Mkhize Laughs Off Speculation That Mogoeng Prayed Away Vaccine

Mkhize Laughs Off Speculation That Mogoeng Prayed Away Vaccine

- Health Minister Dr Zweli Mkhize has laughed off the suggestion that Mogoeng Mogoeng warded off the AstraZeneca vaccine

- The Chief Justice has made waves when he prayed against a 'devil vaccine'

- However, Mkhize says that the controversial vaccine is far from evil

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Health Minister Dr Zweli Mkhize has laughed off the suggestions that Chief Justice Mogoeng Mogoeng warded off the AstraZeneca vaccine.


Mkhize laughed off speculation that Mogoeng had prayed away the vaccine. Image: GCIS/ Flickr
Source: UGC

Mogoeng had previously prompted outrage when he prayed against vaccines of the 'devil'.

However, Mkhize insists that the vaccine in question is far from evil while speaking during a media briefing:

“I did listen to Justice Mogoeng talking about the vaccine from the devil. I must say that I think in a particular language you can say so, but as far as I am concerned none of these vaccines are coming from the devil."
SONA 2021: Ramaphosa addresses vaccine rollout in the country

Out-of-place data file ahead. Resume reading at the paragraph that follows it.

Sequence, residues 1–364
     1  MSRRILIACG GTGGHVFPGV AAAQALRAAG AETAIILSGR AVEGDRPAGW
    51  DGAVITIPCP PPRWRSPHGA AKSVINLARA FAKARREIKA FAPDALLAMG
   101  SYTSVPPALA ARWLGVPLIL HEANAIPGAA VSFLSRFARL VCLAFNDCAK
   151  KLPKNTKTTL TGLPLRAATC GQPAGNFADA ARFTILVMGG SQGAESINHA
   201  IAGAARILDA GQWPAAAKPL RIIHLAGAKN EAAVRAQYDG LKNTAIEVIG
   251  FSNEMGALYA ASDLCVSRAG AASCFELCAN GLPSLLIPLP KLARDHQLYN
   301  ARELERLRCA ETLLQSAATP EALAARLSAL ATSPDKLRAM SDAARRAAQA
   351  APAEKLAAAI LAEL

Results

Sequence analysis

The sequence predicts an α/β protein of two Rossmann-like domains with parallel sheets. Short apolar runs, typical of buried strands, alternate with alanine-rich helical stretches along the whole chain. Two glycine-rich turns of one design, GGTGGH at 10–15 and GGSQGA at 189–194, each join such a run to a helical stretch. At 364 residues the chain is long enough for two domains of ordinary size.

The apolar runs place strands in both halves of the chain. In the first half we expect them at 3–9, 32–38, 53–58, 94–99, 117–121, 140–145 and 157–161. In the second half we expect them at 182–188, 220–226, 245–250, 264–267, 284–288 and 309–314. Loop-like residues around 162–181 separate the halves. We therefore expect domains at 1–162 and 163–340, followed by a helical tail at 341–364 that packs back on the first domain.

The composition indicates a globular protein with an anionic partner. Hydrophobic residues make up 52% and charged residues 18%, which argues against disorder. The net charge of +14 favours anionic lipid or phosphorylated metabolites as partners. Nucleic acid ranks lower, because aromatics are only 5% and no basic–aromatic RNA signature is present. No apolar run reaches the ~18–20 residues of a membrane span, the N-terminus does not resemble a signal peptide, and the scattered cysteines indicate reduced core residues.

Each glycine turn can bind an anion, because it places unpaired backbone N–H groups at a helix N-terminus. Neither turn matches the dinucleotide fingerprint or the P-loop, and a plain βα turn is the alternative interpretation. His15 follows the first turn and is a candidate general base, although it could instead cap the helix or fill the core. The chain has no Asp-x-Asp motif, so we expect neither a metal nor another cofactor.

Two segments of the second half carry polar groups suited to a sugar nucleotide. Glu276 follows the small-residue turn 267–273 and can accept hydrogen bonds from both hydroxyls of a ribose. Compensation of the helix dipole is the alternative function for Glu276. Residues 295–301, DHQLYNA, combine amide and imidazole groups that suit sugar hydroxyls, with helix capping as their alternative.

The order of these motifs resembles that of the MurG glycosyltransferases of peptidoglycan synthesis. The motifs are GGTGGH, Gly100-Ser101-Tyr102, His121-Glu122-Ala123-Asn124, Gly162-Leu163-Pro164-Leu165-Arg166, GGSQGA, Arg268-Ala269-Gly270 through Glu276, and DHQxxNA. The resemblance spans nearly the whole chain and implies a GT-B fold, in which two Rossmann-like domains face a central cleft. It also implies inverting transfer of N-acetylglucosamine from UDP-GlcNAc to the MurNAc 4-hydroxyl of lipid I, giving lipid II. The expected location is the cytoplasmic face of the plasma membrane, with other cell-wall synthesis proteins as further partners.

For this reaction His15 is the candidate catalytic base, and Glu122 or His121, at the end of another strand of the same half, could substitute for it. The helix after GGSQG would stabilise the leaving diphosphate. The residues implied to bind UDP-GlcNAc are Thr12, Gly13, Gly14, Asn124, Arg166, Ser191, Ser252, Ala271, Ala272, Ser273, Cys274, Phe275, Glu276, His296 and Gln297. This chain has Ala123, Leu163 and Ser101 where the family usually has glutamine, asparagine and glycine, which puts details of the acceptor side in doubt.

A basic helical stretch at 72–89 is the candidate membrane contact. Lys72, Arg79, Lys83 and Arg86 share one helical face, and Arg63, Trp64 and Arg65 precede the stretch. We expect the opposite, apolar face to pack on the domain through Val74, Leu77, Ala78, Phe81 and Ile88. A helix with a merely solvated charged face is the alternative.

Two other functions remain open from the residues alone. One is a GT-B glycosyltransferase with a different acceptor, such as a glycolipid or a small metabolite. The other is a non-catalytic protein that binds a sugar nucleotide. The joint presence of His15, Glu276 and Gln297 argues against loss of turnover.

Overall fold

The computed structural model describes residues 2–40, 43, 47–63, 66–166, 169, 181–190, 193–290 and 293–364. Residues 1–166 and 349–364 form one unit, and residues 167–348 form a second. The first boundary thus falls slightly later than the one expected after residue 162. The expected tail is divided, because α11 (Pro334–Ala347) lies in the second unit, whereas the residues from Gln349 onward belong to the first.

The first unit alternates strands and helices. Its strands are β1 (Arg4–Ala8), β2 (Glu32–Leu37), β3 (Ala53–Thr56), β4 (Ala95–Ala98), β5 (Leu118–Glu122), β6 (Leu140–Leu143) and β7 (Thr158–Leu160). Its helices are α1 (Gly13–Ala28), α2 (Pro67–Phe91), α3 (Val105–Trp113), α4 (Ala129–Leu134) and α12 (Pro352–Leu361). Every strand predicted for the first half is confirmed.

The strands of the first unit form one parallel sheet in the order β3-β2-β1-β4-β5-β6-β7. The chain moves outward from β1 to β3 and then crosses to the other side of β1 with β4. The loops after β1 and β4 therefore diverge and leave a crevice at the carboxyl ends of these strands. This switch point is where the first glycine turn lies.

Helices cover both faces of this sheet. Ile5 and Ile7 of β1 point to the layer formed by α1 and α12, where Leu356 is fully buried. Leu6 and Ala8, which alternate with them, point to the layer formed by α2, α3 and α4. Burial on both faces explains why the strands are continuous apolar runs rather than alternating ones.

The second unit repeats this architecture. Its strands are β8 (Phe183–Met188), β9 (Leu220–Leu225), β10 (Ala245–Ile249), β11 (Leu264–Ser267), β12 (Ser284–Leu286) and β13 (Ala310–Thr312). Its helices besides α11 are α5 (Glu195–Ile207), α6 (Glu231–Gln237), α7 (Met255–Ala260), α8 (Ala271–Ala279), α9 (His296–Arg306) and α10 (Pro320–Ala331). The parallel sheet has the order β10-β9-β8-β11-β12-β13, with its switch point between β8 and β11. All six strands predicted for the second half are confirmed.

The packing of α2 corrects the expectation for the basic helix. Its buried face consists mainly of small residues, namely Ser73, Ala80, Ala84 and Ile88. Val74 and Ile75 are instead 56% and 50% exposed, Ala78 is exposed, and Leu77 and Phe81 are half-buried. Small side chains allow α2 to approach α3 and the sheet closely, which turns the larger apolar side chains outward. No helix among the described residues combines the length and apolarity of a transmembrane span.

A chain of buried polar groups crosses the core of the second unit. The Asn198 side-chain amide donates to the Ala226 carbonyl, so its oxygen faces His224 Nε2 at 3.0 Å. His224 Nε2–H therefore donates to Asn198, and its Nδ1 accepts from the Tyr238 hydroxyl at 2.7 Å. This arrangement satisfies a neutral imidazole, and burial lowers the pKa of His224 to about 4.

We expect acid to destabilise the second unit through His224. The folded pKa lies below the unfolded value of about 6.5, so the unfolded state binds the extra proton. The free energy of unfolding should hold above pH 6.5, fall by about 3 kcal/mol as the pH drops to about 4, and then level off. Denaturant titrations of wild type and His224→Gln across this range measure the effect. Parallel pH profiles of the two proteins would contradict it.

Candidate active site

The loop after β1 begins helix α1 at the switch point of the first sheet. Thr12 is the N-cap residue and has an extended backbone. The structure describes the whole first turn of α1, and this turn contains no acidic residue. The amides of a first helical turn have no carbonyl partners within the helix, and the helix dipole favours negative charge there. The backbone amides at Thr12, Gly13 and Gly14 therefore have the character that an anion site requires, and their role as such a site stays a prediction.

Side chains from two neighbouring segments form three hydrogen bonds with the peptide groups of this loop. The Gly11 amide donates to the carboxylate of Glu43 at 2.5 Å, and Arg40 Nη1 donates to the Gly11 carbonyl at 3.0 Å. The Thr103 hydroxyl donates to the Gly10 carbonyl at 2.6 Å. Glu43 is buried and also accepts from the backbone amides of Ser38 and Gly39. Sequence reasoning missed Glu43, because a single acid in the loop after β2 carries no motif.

Mkhize says that Mogoeng had not specifically called out the AstraZeneca vaccine in his prayer:

“Therefore I wouldn’t expect that God would actually act on a vaccine in SA while this vaccine is doing well in London, India, Europe and everywhere else.”

The Minister says that the prayer was a 'religious expression' and assured the nation that the vaccine isn't dangerous:

“AstraZeneca has not shown to be dangerous. It’s not dangerous. The issue is its efficacy against the new variant."

In addition to this, Mkhize pointed out the numerous religious leaders were set to take the vaccine in question.

“We shouldn’t mix the two issues as such. It was more of a religious expression to assure people that they would be protected and protection would come from God.

Meanwhile, reported that President Cyril Ramaphosa delivered the 2021 State of the Nation Address (SONA) on the evening of Thursday 11 February.

Mkhize: AstraZeneca deal was made before new strain was discovered

Ramaphosa spoke about the coronavirus pandemic and the vaccine rollout in the country.

The president stated that the AstraZeneca vaccine's low efficacy will not delay the vaccine rollout in the country, which is set to start in March.

Ramaphosa added that the Johnson & Johnson vaccine, which is more effective against the 501Y.V2 variant, will be used.

The country has secured 9 million doses of the Johnson & Johnson vaccine with the first batch of 80 000 doses expected to arrive in the country next week.

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